Litigation is the traditional model of resolving disputes, where the parties and their attorneys go to Court to settle their differences.
- The case is initiated by a court filing
- The parties and/or their attorneys may have several court appearances to address various legal issues
- Unlike out of court processes where the clients set the pace of the case, in litigation the court has time standards that the parties and counsel must follow
- The parties may resolve their case by agreement, but if they are unable to do so they have a trial before a judge
Although litigation is appropriate and/or necessary in some cases, it can be (but is not always) the lengthier and costlier of the various methods of resolving divorce and other family law conflicts both emotionally and financially.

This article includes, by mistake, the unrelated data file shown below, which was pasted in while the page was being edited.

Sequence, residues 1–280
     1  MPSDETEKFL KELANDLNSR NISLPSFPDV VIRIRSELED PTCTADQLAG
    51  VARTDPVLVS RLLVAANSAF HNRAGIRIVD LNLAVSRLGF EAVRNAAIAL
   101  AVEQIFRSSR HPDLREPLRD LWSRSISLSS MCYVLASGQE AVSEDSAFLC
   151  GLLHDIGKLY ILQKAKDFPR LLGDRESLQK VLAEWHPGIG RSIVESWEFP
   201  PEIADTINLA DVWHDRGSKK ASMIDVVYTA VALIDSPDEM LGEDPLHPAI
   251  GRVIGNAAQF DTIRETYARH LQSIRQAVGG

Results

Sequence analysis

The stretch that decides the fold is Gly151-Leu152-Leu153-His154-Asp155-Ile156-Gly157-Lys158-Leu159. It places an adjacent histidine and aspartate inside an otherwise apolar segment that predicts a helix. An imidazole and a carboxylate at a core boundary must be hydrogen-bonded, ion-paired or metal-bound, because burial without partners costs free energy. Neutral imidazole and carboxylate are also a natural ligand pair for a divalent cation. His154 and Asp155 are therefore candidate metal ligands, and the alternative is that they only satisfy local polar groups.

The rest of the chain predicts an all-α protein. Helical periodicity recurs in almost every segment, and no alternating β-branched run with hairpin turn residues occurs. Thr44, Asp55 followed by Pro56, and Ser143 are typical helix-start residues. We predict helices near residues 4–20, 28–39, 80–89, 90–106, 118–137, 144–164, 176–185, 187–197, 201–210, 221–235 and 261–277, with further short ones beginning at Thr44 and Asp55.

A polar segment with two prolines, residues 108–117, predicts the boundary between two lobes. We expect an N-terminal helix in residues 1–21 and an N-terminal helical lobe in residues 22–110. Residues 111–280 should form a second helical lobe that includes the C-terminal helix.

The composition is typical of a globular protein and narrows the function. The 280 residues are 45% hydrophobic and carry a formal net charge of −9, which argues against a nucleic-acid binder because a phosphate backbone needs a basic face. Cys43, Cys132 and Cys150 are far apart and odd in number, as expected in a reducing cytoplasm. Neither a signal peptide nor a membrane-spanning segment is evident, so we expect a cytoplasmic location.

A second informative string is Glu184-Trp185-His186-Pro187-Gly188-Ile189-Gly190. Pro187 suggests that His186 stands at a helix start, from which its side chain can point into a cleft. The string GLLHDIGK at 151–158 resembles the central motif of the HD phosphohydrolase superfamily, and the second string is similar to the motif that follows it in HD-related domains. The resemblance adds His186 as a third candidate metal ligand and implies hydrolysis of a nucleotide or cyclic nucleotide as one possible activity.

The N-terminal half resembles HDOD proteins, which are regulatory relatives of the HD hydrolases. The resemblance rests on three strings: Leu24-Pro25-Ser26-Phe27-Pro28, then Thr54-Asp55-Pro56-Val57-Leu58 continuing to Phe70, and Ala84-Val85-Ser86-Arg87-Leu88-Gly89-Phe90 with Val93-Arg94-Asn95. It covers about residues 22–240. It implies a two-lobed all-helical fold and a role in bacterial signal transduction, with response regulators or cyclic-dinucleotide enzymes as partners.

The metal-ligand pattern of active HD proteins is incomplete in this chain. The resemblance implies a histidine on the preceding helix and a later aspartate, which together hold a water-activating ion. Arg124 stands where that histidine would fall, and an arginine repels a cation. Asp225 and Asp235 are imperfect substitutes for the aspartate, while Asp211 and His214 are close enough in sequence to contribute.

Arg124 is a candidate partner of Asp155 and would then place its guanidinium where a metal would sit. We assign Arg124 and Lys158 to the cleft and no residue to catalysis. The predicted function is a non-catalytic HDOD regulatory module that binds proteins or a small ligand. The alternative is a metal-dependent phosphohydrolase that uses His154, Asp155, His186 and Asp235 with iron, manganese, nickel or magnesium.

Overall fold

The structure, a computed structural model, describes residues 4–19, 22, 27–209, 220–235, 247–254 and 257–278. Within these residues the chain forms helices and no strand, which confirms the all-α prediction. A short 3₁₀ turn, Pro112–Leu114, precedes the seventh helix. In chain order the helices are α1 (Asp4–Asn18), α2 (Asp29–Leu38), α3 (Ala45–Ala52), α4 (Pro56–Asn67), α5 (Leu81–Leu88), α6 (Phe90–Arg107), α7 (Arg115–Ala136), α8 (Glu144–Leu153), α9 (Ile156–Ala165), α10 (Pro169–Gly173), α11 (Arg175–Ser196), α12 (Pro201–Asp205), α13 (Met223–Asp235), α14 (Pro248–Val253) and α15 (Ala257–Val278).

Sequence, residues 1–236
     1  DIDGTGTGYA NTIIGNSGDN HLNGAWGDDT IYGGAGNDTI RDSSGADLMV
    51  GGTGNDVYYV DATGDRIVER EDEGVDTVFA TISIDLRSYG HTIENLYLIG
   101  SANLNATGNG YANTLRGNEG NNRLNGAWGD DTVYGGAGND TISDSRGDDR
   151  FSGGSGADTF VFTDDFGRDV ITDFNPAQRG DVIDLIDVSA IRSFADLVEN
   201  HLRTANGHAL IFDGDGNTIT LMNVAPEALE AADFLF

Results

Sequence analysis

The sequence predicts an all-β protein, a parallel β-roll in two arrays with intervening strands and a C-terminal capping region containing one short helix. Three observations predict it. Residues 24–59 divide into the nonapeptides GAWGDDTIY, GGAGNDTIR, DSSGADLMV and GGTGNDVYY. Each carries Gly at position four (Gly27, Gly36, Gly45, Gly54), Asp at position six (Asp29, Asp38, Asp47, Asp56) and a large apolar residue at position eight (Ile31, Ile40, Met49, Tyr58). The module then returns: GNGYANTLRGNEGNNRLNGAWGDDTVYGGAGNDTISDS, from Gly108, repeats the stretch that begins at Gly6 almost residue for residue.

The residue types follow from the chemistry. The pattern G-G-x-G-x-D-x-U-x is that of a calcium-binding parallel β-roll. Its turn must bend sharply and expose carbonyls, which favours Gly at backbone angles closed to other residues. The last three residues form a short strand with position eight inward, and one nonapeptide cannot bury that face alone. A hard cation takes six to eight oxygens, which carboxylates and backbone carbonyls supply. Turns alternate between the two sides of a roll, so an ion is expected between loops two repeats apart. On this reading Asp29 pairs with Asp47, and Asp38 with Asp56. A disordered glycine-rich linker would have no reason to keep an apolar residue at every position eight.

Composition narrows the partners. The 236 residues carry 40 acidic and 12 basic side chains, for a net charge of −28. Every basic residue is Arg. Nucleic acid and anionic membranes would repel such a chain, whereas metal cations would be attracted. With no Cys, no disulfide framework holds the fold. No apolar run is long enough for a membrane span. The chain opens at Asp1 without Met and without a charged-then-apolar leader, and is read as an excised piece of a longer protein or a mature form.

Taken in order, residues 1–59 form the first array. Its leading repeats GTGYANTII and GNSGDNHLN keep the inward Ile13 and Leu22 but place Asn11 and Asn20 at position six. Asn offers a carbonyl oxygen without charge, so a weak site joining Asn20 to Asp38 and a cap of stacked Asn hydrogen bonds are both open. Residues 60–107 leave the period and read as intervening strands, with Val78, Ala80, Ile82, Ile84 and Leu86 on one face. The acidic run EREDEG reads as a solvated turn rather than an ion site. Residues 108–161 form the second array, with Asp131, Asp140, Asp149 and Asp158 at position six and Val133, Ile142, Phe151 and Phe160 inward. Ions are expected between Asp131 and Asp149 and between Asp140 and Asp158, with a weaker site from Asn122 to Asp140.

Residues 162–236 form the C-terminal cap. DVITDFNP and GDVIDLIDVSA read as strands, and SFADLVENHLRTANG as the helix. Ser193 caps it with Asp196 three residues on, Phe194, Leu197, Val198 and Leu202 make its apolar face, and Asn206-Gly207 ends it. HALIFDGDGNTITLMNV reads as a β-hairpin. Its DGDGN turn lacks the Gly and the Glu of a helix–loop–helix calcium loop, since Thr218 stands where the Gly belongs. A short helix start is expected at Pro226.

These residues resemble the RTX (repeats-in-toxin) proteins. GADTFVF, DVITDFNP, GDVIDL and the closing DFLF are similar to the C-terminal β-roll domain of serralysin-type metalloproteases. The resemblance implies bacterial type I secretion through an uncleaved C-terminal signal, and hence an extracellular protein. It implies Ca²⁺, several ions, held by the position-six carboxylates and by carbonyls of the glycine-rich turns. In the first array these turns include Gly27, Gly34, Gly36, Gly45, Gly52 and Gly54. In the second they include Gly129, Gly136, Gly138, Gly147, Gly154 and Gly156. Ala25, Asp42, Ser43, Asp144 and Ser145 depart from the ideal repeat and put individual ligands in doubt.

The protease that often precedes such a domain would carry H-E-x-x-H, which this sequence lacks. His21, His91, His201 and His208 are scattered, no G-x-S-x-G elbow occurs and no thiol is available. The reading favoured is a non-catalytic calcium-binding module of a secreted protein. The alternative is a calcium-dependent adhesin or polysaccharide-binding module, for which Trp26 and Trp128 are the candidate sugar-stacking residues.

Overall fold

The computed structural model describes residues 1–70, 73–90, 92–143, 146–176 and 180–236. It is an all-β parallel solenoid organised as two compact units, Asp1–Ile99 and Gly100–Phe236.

Litigation may be more disruptive of relationships that parties may want to preserve going forward where communication after the divorce is essential, such as when children are involved. However, litigation may be necessary to establish boundaries and limits especially in cases where there are restraining orders, dissipation of income or assets and the need for protection of what remains, or the need for judicial intervention for other purposes.
The Courthouse doors are always open to parties needing the protection of the court. Even if a party initially chooses an out of court dispute resolution process, if they are unable to resolve their differences out of court; court intervention may be necessary when parties reach impasse. Litigation can be a client’s first choice, or choice of last resort